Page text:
Lawyer Assistance Programs provide confidential services and support to judges, lawyers and law students who are facing substance use disorders or mental health issues.
How do I find my LAP?
Visit CoLAP’s Directory of Lawyer Assistance Programs to contact your state or local LAP. Every state now has some form of lawyer assistance program.
Are the services really confidential?
YES. Lawyer assistance programs will not disclose any information about lawyers, law students or judges who seek their assistance to the Bar, discipline, or anyone else.
Click here for a map linking you to more specific information about confidentiality in your state.
What kinds of services do LAP’s provide?
LAPs provide a number of diagnostic and direct services. However, specific offerings vary among the programs and can be any combination of the following:
Addiction support meetings
Family support meetings
Mental health support meetings
Referrals to treatment centers, counseling, support groups, etc.
For which types of issues do LAPs provide services?
LAPs provide a diversity of services for a range of issues, but like kinds of services, specific issues covered vary among the programs and can be any combination of the following:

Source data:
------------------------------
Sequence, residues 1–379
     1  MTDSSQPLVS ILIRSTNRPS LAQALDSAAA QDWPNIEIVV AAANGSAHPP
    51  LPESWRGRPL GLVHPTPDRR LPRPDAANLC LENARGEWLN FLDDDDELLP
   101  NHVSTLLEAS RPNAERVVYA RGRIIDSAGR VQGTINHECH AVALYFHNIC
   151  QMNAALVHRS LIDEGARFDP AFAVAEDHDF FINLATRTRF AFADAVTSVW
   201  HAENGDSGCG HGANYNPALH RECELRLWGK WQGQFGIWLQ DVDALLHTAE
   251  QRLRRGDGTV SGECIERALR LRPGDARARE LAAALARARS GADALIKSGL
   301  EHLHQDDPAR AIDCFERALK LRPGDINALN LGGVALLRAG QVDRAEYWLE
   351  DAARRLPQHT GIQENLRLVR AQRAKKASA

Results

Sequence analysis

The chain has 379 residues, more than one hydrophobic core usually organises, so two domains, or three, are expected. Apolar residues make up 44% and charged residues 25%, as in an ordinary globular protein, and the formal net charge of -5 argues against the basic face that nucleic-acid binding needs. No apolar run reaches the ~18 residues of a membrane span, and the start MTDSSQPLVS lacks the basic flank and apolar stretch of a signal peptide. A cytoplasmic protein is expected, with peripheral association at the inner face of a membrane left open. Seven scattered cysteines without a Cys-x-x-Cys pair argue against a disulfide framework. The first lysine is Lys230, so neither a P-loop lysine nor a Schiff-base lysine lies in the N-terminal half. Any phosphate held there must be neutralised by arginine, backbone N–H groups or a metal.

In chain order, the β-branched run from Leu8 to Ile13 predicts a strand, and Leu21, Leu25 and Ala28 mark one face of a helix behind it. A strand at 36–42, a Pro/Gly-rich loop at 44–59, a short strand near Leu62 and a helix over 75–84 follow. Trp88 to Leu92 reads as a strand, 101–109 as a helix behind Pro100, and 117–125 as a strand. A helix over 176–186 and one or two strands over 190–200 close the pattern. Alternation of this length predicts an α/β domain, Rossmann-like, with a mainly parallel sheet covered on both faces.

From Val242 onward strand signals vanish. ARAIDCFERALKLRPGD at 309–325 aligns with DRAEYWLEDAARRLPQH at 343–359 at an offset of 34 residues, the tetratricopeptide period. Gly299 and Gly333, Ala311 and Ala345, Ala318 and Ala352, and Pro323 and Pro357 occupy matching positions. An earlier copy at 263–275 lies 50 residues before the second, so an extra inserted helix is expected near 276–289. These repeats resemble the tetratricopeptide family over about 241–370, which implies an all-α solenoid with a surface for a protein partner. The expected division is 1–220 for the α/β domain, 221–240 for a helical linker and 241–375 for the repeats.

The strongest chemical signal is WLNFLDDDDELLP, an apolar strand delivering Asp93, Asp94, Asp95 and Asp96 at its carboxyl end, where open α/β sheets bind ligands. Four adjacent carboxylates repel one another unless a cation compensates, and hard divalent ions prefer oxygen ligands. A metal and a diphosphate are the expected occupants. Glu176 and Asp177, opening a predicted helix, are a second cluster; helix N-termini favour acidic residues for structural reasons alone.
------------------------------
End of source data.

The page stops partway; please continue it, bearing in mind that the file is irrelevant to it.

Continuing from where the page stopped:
Cognitive issues and aging
Marital and family issues
Mental health issues (e.g., depression, anxiety, suicide, bipolar disorder, personality disorders, eating disorders)
Process addictions (e.g., gambling, sexual disorders)
Substance use disorders and addiction (e.g., illegal drugs, prescription drugs and alcohol)
Who operates LAPs?
Bar associations operate roughly half of the LAPs nationwide. The other half are structured within a state's highest court, or operate independently.
While the majority of programs employ paid staff, in some instances the programs are wholly volunteer-run.
Where can I learn more?
Visit your LAP's website via the directory, or access a compilation of articles that discuss LAPs.